The detention of British-Iranian citizen Nazanin Zaghari-Ratcliffe, who has been held in Iran since 2016 and at one point shared a prison cell with Dr Moore-Gilbert, is another example.

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Tehran holds foreign nationals to intimidate its enemies

While the Iranian authorities have accused Ms Zaghari-Ratcliffe of being a spy, it appears their main objective in holding her has been to put pressure on the British government to release funds seized at the time of the Iranian revolution.

According to the Iranian authorities, Britain owes Iran about £400 million ($534m) for an order placed under the Shah for 1,000 tanks and armoured vehicles. The order was cancelled following his overthrow and has been the subject of a long-running legal dispute between Tehran and London ever since.

The link between Ms Zaghari-Ratcliffe’s detention and the outstanding debt was demonstrated clearly earlier this year, when Iranian officials threatened to bring fresh charges against her after a UK court case about the debt was postponed. Since then, she has remained under house arrest with her parents until a new date for her hearing has been fixed.

Apart from using detained nationals as a bargaining chip to negotiate deals that served their interests, on other occasions Tehran holds foreign nationals to intimidate its enemies.

The plight of Ahmadreza Djalali, an Iranian-Swedish professor who has been sentenced to death on spying charges, has been linked to the assassination of a number of high-ranking Iranian scientists said to be working on Iran's controversial nuclear programme.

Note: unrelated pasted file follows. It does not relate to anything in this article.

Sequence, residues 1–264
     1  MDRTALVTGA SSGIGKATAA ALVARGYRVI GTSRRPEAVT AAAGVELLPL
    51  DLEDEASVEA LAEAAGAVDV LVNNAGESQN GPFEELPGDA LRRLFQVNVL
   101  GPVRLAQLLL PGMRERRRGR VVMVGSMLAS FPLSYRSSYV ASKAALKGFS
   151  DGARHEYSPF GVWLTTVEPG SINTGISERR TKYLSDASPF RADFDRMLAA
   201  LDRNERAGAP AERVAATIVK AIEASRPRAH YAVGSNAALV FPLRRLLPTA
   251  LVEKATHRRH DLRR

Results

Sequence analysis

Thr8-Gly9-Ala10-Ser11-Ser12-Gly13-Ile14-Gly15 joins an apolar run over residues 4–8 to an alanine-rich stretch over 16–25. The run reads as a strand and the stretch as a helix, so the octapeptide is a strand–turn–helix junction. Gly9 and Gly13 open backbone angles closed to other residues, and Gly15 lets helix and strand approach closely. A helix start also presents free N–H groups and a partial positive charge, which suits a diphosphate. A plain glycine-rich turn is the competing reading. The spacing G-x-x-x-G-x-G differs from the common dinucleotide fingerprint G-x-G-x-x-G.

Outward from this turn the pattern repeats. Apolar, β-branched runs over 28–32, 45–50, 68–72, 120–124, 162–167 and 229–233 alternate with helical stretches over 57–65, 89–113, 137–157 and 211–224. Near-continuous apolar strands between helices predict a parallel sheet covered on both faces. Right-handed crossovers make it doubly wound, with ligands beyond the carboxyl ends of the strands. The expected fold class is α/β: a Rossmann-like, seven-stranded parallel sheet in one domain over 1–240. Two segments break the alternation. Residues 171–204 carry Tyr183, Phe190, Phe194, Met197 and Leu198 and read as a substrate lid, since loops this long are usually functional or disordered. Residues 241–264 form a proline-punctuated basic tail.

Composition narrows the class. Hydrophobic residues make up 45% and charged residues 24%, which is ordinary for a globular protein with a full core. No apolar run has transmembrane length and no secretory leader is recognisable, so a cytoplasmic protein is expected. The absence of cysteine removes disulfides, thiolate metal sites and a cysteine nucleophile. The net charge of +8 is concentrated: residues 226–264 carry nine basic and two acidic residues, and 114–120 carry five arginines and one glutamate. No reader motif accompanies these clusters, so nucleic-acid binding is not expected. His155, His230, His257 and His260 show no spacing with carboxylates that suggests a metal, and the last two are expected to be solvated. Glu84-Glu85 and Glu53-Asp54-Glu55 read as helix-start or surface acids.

Prof Djalali, who formerly worked in Stockholm at the Karolinska Institute, a medical university, was arrested during a visit to Iran in April 2016.

He was sentenced to death the following year after being found guilty of passing information about two Iranian nuclear scientists to Israel's Mossad intelligence agency.

There are now fears that his execution is imminent, after he was recently transferred to solitary confinement in Tehran’s notorious Evin prison. But the fact that he has been granted Swedish citizenship while in prison threatens to create a major diplomatic row with Stockholm if the death sentence is carried out.

Swedish Foreign Minister Ann Linde has already contacted her Iranian counterpart to raise concerns about the planned execution, writing on Twitter: “Sweden denounces the death penalty and is working to not have the sentence carried out.”

The prospects of Sweden's last-minute intervention on Prof Djalali's behalf, though, do not look promising if Tehran's response to previous Western appeals are anything to go by. In September, Iran executed a wrestler Navid Afkari Sangari accused of murder despite international calls for clemency, including an appeal from US President Donald Trump.

Even so, Iran needs to understand that so long as it continues using foreign nationals as bargaining chips for its wider strategic goals, it has little chance of establishing a more constructive relationship with the outside world.

Con Coughlin is a defence and foreign affairs columnist for The National